THE NEW BIONIC MAN?
By Jean Thilmany
Prosthetic limbs historically have been seen as poor substitutes at
best for natural appendages. But the state of the art has far surpassed
the hooks and peg legs of old. Indeed, ethicists have recently debated
whether an amputee might have an actual advantage in an athletic event.
image of prosthetics has been undergoing such a radical transformation
that the cable channel Canadian Discovery Science promoted a program in
March with this pitch:
“Stuntman and amputee Casey Pieretti,
and inventor Bill Spracher, design, build and test one-of-a-kind,
extreme limbs that make their amputee clients better than new, better
The one-hour special, Bionic Builders,
purported to depict the deliberate blurring of man and machine. Its very
premise spotlights some of the questions raised by researchers—and by
the public—as scientists work toward ever more intuitive and more
powerful bionic limbs and other body parts.
One view is typified by New York Times
contributor Jack Hitt, who tackled the issue in his November 2009
article, “Are High-Tech Prostheses Fair?” In Hitt’s view, athletic
events like foot races ought to be open to disabled athletes with
lower-leg amputations who use high-tech prosthetics. Yes, today’s
prosthetics may have an advantage in contests against ordinary
competitors, Hitt wrote, but “the fact is that this piece of equipment
isn’t supernatural and doesn’t bestow any occult powers on those who
Hollywood stuntman Casey Pieretti swims at superhuman
speeds and leaps crazy heights with prosthetic limbs designed by
engineer Bill Spracher.
bionic versus non-bionic competitor question had its real-world case
study in the attempts of Oscar Pistorius to run at the 2008 Olympics in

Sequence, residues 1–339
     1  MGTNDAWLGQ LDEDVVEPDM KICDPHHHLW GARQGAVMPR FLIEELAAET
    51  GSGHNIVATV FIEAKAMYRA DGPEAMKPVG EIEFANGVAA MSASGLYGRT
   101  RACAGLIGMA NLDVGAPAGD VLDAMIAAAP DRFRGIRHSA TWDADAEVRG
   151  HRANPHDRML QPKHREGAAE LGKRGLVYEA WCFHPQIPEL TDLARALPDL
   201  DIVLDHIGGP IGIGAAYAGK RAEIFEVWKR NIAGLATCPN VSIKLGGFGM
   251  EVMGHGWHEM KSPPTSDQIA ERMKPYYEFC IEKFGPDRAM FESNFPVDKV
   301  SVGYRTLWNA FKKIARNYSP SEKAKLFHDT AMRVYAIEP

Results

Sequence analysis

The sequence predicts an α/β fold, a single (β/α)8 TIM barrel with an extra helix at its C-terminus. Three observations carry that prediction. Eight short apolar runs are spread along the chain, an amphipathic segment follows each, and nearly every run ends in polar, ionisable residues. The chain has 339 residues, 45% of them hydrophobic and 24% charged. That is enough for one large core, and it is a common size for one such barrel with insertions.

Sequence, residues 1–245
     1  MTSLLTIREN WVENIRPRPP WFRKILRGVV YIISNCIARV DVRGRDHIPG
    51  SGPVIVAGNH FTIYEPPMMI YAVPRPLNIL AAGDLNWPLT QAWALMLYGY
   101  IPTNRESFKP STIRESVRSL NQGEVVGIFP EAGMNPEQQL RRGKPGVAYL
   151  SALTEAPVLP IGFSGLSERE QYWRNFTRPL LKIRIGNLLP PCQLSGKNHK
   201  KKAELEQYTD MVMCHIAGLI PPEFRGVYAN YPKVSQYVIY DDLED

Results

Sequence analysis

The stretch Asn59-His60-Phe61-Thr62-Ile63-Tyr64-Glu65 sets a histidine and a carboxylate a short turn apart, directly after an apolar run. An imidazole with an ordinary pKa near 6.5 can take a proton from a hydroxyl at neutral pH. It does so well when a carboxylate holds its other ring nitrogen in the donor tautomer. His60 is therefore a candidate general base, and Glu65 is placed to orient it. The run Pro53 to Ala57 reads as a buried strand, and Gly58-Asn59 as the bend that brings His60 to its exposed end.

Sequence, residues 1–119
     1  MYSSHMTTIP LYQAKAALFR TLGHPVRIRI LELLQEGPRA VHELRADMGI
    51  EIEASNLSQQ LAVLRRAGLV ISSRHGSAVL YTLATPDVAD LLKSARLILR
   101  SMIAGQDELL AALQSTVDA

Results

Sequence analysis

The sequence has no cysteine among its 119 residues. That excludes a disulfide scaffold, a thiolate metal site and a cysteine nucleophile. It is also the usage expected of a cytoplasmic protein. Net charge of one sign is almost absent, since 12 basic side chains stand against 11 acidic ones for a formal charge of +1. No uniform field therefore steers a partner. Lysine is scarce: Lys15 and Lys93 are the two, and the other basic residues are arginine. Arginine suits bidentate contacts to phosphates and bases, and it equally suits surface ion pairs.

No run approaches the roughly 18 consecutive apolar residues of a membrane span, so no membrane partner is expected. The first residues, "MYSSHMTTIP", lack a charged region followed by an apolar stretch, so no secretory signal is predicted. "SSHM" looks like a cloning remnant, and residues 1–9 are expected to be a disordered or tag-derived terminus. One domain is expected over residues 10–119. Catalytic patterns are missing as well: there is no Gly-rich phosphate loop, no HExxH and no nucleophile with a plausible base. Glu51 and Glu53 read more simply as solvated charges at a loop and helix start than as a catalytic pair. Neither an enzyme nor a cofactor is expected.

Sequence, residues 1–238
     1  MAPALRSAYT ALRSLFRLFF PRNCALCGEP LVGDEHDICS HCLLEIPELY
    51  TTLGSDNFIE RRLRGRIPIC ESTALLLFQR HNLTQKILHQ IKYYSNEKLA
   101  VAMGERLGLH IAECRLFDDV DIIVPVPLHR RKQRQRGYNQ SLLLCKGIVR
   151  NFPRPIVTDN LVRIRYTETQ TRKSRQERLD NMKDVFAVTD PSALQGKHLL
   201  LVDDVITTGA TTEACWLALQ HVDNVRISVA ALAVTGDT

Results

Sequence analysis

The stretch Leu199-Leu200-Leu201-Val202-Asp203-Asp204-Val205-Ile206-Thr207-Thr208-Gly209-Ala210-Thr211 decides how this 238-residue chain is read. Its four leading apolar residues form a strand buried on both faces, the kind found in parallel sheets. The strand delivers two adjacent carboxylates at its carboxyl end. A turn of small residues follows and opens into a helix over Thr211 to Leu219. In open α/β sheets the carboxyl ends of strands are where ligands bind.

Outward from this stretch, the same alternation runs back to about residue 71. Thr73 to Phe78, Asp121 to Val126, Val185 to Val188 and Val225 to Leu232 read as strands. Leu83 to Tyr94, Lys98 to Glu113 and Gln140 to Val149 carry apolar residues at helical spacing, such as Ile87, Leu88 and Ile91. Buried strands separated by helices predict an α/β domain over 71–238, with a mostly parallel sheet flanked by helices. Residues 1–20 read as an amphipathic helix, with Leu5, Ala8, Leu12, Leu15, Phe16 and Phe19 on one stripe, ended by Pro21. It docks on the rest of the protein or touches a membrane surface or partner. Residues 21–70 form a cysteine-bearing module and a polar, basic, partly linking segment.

Beijing. Pistorius has a double amputation and wears J-shaped blade
extensions on his legs. To disqualify Pistorius, the International
Association of Athletic Federations quickly amended its rules to
prohibit the use of any technical device that incorporates springs,
wheels, or any other element that provides the user with an advantage
over another athlete not using such a device.
In support of this
ruling, studies commissioned by the IAAF showed that Pistorius would
have, in fact, had an advantage against other sprinters. Later,
scientists claimed they found the IAAF-funded study flawed.
debate will doubtless continue into the future, as engineers push the
boundaries of prosthetic limb design and use. For a glimpse of that
future, meet Casey Pieretti, who lost his right leg when he was 19 years
old. He went on to participate in triathlons held for athletes with and
Along the way, he became a Hollywood stuntman. Pieretti was a stunt double in the 1997 film Starship Troopers, playing a character who had his leg gruesomely torn off.
career was aided through the years by Bill Spracher, owner of Spracher
Engineering Inc. of Santa Barbara, Calif. In addition to making
polyurethane parts for demanding industrial applications, the company
also designs special legs for Pieretti’s stunt work.
spoke earlier this year at SolidWorks World, the conference for users of
the CAD technology. There, they outlined how they work together.
Pieretti find stunt work on a movie in which he needs to explode or to
jump out of a dangerous situation, he talks to Spracher. Together they
will come up with a few designs. From there, Spracher creates a leg that
can explode or can catapult him off the ground.
At one point
Pieretti wanted to scuba dive and requested a special prosthetic
flipper. Spracher came up with a leg that could be used for both walking
and swimming. Pieretti then tried the leg and proposed enhancements,
resulting in a prosthetic propeller that enables him to move through
water faster than any non-amputee could hope to.
conference goers that he’s no longer disabled; he’s super-enabled.
He and Spracher have now have formed a specialized prosthetics company,
Amp’d Gear, through which they sell some of the specially designed
The Bionic Builders show followed the team
as they tried to turn a former U.S. Navy diver into a human torpedo and
give a one-handed martial arts instructor his very own bionic punching
As the blurb for the show stated, the Bionic Builders will
test, build, and design until disability is a word of the past. What
that show doesn’t address is the debate that will be inevitably raised
by the builders’ engineering successes: What exactly constitutes a human
disability in this brave new world of prosthetic design?